5:30pm and it only means two things. One, for the drunkards, it’s five thirsty — start of “happy hour” drinking spree. And the other thing is rush hour.
Rush hour of Monday to Friday in the Philippines is the dreaded time to every railway transit commuters’ life (that includes myself at times), in hope they could escape from. Also, each commuter is forcefully subject to experience a life of a sardine in a can five days a week. Unfortunately, both the low and mid average working class Filipinos are under the mercy of this awful railway system. And this is the time where I hopelessly muttering the phrase “Wish you were here”.
My disgust grows deeper to Philippines’ railway transit system when I’ve experienced Hong Kong’s MTR (Mass Transit Railway) last March. It’s prompt, fast, and reliable. And wait, there’s more — it’s clean and orgnized. No waiting line as long as the Great Wall of China — ticket entrance and boarding. The maximum interval between trains is just 15mins. And to my amazed, no arrogant guards “acting” security check at every entrance of the station.
And speaking of stations, every station has a mall-like ambiance, some like a glorified tiangge or flea market. There you can find household brands such as Giordano, Bossini, and the likes. Food stalls are ubiquitous. From quick-stop noodle houses to take-away coffee and bread shops and from the ever familiar 7-11 convenience stores to pharmacies. All things a commuter needs when he/ she goes off to somewhere around Hong Kong by train.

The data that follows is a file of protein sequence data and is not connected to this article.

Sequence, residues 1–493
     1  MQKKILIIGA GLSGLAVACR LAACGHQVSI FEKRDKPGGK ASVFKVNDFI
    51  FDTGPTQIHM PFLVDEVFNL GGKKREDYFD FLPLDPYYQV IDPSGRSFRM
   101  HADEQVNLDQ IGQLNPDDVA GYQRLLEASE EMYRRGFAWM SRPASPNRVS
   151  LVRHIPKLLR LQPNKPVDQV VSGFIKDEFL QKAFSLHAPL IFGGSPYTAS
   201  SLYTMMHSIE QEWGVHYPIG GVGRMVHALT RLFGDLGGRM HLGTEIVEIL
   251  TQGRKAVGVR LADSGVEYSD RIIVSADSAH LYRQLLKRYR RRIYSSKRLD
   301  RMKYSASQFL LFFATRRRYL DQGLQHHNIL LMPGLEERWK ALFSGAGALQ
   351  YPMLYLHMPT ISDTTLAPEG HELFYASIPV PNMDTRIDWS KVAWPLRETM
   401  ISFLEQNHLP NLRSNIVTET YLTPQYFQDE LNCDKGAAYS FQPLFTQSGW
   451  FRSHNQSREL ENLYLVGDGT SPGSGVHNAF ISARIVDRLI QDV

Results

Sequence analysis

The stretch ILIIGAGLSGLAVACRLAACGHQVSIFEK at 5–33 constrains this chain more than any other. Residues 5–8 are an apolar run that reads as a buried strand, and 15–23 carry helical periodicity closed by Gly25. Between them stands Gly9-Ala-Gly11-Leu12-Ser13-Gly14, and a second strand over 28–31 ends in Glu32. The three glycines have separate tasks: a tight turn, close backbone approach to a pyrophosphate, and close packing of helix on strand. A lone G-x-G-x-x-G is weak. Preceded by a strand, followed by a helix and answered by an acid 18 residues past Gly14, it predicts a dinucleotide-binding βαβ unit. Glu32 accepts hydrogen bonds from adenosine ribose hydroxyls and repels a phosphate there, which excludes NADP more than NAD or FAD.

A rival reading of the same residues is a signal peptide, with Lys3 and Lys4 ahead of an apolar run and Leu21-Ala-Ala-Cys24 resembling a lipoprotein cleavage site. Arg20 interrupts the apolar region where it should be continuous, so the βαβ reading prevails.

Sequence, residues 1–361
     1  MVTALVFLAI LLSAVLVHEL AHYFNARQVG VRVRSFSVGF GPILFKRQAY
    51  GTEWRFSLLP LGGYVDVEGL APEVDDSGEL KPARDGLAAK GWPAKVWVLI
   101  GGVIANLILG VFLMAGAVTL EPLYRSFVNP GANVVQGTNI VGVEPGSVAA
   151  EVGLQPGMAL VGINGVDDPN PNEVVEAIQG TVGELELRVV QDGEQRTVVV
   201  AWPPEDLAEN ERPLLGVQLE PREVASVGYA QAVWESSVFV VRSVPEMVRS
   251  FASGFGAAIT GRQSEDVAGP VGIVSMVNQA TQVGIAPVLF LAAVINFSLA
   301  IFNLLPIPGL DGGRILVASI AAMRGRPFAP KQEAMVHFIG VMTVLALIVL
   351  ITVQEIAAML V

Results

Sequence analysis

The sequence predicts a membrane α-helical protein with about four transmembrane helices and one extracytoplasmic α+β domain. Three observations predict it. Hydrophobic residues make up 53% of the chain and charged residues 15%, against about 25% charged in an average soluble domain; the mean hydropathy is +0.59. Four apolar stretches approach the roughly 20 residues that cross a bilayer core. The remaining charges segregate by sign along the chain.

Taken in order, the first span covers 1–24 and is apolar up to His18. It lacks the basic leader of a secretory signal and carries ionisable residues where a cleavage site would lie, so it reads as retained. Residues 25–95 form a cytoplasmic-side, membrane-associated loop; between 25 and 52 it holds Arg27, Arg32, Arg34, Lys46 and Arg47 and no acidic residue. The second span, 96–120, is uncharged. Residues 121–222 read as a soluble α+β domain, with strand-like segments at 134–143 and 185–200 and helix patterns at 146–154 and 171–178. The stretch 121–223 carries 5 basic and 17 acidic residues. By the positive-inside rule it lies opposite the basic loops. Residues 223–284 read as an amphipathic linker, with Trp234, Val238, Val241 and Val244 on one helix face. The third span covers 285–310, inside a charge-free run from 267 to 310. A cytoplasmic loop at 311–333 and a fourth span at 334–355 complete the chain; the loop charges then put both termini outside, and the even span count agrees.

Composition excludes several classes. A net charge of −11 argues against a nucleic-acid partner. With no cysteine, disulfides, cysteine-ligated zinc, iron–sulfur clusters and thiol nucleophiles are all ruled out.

Whilst on my last train ride at Tsim Sha Tsui station to the airport for my flight back home, I’m wondering why can’t the Philippine government adopt or do the same railway system of Hong Kong? I know it can be done. In comparison, Philippines, by far, is geographically larger than Hong Kong and we have adept engineers that can execute this kind of monumental task. Why it can’t be done? Well, in my opinion, the answers are just plain simple. If only there’s no… you know what I mean.